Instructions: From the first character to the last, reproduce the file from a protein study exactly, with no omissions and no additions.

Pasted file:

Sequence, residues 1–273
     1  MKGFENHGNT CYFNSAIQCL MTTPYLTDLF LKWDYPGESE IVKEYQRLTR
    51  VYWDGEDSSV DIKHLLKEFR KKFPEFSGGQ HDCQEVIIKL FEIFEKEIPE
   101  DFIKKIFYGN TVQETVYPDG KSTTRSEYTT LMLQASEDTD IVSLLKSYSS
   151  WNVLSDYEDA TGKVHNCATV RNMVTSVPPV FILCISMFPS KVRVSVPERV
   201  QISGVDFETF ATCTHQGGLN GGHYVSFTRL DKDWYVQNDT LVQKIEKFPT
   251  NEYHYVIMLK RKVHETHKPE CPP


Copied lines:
Sequence, residues 1–273
     1  MKGFENHGNT CYFNSAIQCL MTTPYLTDLF LKWDYPGESE IVKEYQRLTR
    51  VYWDGEDSSV DIKHLLKEFR KKFPEFSGGQ HDCQEVIIKL FEIFEKEIPE
   101  DFIKKIFYGN TVQETVYPDG KSTTRSEYTT LMLQASEDTD IVSLLKSYSS
   151  WNVLSDYEDA TGKVHNCATV RNMVTSVPPV FILCISMFPS KVRVSVPERV
   201  QISGVDFETF ATCTHQGGLN GGHYVSFTRL DKDWYVQNDT LVQKIEKFPT
   251  NEYHYVIMLK RKVHETHKPE CPP